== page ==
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I-TEAM: Policing the parking lot - exposing a local handicapped parking issues

Published: Sep. 27, 2021 at 7:33 PM EDT
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AUGUSTA, Ga. (WRDW/WAGT) - Our I-Team has been tracking handicapped parking problems at a local grocery store for more than two years.

It all started when a disabled viewer told us she was sick of struggling and seeing other handicapped shoppers struggle because of people parking illegally. She says she complained to the store manager and even called the police, but when nothing seemed to work, she asked our I-Team for help. So we went to work.

At first glance, Sally Wertz might not seem disabled. “You should never judge a book by its cover,” said Wertz. “Yeah, to look at me, you don’t know there’s something wrong.”

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Looking at this photo, it’s amazing Sally can even walk at all. She was riding in the front seat when a semi plowed into her.

“I’m grateful every day that the good Lord’s got me here,” she said. “That wreck in 1989 could have very well ended everything.”

She walked away from the accident, but she does have some trouble walking, so she’s thankful for handicapped parking. Problem is ... she started running into problems at the North Augusta Kroger, but it wasn’t because people were parking illegally IN handicap spaces.

They were illegally parking around them.

“And … it just, it makes it difficult,” she said.

That’s because the striped spaces aren’t spaces at all. They’re handicap loading zones, and no one, whether they have a handicap permit or not, is supposed to park there.

It’s not just a courtesy.

It’s the law.

In South Carolina, the minimum fine is $500. Violators could end up paying as much as $1,000. “And it’s not that they’ve run in for one item. And they’ve parked on the lines or on the bricks on the other side. I mean, they come out with a grocery buggy full,” she said.

Sally says she reported all of this to the store manager, but she says it kept happening, so she called the police.

Twice.

“The last time I reported it, they said store management doesn’t enforce it. ‘We’re not gonna do anything.’ So what do you do? That’s why I reached out to you,” she said.

Sally first sent us photos in an email back in March of 2019.

(Yeah, it was THAT long ago, but we wanted to know how often this was happening.)

Sally started sending photos every time she saw it happen, and the I-Team did some drive-bys, too.

Very quickly, it became very clear this was a regular occurrence.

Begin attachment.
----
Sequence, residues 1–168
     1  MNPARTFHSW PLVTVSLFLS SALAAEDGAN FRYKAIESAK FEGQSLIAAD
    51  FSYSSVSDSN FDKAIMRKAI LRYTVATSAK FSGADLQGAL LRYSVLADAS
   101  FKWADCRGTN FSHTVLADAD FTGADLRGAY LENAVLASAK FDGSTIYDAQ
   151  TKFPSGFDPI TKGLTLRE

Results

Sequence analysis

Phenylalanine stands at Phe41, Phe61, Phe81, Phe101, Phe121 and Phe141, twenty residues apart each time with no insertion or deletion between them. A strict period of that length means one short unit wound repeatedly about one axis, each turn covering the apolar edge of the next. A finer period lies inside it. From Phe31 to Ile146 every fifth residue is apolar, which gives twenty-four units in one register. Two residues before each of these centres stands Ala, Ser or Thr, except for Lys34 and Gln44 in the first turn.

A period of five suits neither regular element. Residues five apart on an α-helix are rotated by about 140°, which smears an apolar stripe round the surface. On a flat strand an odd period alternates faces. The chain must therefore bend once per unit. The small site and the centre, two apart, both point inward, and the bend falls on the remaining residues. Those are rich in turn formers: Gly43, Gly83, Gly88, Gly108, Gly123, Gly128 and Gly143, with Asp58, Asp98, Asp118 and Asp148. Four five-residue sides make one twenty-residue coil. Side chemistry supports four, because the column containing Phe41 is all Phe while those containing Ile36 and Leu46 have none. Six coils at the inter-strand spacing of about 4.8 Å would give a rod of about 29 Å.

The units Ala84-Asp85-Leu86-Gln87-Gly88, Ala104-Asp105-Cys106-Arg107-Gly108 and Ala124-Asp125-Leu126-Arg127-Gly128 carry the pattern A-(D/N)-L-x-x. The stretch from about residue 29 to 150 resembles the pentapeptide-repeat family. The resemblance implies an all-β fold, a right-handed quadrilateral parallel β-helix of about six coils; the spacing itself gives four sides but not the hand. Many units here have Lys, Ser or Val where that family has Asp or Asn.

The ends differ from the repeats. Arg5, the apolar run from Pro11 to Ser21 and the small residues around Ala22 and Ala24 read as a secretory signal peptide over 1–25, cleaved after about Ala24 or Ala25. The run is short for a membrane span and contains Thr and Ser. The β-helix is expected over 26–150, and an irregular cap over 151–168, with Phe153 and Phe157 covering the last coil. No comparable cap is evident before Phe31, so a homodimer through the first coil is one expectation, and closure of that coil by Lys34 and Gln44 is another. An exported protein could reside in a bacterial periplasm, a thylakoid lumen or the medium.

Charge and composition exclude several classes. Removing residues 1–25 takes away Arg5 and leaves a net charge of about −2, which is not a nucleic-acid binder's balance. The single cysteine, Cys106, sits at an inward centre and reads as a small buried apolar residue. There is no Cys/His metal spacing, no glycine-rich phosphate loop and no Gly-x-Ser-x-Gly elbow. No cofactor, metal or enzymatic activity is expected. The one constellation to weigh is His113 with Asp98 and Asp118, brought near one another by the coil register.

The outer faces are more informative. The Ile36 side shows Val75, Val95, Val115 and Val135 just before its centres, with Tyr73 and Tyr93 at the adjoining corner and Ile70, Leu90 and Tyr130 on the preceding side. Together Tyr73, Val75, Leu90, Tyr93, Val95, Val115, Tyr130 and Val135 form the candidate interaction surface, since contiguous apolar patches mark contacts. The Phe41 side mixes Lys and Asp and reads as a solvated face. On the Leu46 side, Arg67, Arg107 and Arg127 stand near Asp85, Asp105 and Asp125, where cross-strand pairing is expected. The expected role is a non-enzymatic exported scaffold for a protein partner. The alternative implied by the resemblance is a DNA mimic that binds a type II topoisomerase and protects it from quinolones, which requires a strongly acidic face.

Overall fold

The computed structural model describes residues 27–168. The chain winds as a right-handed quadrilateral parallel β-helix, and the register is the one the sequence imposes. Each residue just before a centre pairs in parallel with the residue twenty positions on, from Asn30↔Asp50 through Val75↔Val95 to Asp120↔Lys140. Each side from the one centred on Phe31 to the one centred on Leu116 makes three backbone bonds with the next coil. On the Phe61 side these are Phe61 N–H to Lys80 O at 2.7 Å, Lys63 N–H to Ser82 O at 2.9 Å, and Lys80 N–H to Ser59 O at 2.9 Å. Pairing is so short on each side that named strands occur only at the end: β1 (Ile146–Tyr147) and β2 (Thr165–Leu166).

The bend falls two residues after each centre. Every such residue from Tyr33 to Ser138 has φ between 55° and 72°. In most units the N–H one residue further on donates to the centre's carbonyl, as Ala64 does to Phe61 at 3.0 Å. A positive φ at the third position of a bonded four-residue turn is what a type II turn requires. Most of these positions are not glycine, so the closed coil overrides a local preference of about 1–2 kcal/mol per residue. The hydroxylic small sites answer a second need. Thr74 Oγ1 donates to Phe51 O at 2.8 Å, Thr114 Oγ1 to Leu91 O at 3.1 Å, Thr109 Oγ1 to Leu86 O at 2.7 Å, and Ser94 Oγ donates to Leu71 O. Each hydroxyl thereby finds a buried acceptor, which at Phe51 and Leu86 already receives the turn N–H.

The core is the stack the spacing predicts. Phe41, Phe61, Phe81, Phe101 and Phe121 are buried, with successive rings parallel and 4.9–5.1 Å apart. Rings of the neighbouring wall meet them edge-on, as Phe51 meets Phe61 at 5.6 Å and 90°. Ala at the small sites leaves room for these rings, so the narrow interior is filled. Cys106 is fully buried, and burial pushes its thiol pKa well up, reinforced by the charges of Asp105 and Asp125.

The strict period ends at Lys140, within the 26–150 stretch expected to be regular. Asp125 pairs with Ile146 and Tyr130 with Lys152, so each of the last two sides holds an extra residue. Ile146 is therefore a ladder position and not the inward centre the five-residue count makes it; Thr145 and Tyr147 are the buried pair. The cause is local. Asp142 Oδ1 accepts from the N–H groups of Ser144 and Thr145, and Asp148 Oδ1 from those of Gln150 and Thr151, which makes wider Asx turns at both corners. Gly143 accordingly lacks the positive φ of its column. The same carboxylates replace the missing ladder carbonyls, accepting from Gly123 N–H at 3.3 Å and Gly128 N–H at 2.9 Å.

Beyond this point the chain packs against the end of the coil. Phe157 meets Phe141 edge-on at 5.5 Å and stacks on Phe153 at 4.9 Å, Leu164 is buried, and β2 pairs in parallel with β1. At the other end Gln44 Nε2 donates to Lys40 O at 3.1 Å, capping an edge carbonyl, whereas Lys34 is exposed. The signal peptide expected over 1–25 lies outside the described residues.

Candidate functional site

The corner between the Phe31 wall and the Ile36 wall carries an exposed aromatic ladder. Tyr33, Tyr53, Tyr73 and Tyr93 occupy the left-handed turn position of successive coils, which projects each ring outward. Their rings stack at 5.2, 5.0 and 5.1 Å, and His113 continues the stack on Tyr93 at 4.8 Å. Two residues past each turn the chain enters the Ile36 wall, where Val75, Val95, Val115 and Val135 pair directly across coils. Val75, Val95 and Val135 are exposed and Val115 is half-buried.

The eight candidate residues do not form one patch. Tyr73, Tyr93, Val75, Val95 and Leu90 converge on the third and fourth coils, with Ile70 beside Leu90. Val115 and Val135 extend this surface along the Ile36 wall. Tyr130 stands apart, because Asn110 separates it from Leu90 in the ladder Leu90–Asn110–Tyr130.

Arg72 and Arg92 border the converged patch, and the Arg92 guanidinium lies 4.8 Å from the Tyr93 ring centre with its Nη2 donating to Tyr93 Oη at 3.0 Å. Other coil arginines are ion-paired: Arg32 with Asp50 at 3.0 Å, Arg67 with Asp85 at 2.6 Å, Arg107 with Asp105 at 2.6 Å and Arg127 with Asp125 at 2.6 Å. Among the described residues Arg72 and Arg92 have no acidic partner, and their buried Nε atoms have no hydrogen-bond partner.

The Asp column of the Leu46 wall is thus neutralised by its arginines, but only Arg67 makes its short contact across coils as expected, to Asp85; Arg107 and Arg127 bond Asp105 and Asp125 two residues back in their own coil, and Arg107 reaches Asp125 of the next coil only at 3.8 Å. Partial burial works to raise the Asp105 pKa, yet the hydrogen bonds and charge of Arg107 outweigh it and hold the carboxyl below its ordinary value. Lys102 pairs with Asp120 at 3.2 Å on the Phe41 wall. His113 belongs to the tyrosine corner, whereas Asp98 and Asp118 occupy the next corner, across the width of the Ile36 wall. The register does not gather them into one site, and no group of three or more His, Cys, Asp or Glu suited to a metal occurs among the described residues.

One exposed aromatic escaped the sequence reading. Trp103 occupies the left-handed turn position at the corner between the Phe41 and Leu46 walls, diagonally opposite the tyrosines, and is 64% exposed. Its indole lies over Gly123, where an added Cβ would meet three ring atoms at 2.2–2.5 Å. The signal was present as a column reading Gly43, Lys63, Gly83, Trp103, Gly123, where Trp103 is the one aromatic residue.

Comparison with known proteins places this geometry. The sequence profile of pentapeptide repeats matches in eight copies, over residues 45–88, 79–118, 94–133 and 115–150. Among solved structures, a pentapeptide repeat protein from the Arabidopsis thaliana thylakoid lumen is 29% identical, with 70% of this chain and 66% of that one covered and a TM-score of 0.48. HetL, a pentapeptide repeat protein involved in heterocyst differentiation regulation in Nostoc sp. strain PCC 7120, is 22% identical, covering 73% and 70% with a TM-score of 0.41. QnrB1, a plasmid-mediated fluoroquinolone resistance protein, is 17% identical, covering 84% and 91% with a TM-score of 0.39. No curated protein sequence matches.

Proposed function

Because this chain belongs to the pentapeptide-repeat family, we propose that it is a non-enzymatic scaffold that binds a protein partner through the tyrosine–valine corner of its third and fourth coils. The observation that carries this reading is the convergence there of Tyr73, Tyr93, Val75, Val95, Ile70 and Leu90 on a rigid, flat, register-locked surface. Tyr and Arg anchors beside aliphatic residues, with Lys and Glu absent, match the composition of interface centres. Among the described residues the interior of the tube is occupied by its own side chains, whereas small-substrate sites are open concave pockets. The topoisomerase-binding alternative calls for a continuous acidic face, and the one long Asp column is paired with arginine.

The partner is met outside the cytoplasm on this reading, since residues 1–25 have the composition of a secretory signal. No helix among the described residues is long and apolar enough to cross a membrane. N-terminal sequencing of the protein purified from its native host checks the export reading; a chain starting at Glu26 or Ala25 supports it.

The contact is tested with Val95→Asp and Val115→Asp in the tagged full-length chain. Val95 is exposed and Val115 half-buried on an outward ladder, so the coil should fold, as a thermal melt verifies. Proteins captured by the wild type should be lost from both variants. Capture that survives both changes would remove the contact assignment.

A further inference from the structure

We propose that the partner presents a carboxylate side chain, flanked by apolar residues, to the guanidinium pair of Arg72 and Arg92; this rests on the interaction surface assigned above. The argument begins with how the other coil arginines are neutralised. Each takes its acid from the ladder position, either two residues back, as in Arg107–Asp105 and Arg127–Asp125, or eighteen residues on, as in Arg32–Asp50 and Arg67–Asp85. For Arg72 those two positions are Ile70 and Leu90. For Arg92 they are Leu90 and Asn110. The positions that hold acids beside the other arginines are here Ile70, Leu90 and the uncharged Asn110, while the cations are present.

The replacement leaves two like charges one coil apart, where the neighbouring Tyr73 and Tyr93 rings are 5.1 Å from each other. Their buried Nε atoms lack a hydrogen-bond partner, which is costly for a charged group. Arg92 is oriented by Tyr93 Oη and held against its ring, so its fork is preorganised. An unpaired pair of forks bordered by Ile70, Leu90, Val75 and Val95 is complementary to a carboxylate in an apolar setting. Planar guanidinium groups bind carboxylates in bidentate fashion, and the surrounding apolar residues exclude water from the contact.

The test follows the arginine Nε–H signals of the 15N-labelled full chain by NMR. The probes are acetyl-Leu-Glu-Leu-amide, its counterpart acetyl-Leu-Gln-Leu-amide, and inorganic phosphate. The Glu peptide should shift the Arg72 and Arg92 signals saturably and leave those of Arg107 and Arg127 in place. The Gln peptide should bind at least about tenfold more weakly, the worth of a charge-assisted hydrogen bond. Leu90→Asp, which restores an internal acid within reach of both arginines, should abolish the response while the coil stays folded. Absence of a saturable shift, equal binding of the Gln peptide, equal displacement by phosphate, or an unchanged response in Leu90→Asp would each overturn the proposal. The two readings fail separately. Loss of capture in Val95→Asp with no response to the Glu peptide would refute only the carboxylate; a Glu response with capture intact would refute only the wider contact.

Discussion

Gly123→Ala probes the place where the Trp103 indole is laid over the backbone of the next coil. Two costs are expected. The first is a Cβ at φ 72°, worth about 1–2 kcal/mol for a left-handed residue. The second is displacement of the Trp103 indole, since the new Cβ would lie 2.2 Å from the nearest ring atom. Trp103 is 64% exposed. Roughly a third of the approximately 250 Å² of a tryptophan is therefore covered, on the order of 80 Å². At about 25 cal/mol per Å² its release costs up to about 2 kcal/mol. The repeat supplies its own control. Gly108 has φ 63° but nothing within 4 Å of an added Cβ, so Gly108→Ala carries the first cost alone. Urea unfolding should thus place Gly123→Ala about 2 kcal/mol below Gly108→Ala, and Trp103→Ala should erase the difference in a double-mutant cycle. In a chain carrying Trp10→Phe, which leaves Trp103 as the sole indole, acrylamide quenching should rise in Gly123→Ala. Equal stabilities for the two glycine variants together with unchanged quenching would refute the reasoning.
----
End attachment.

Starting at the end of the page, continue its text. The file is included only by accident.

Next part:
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Then...it was October. The holidays came and went. In January. Sally had major surgery.

Then BOOM – COVID.

This story needed to take a backseat, but Sally kept documenting it, and so did the I-Team. In the end, we collected almost 100 photos and even a few videos from October of 2019 to the present.

We recently picked a day at random to go grocery shopping with Sally. Right away, we noticed someone parked illegally.

“I don’t know if it’s ignorance or lazy, or just don’t care. I don’t know, but something’s got to give,” she said.

North Augusta Public Safety tells the I-Team officers have received 16 calls since 2019 about people parked illegally at the Knox Avenue Kroger. Others post about it on social media. We even found a national website, handicappedfraud.org, where users can upload photos of drivers appearing to violate the Americans With Disabilities Act in parking lots all across the country.

One photo lists its address as the Kroger in North Augusta.

The I-Team wanted to talk to the Kroger manager about this and the other photos of illegal parking jobs we collected over the last couple of years, but the Kroger Corporate Office denied our request. Instead, we got the following statement:

“We work hard to ensure our customers with health issues can more easily access our stores by providing dedicated handicap parking spaces. Unfortunately, some customers do violate the handicap parking signs. We are working with the store team and local authorities to address this situation.”

Sally hopes our story educates people. “Do better,” she said. “Be kinder.”

According to officers in North Augusta, “Business rarely call Public Safety,” but Sally will keep checking.

So will the I-Team.

There have been even more photos taken since we finished the story, so it really goes to show you how often this happens. Now that our I-Team has shined the light on this, Sally hopes drivers will realize how it affects people who really need those spaces and do the right thing by not parking there.

If that doesn’t help, it could mean a $1,000 ticket if you get caught.

It’s a safe bet more people will be paying attention now.

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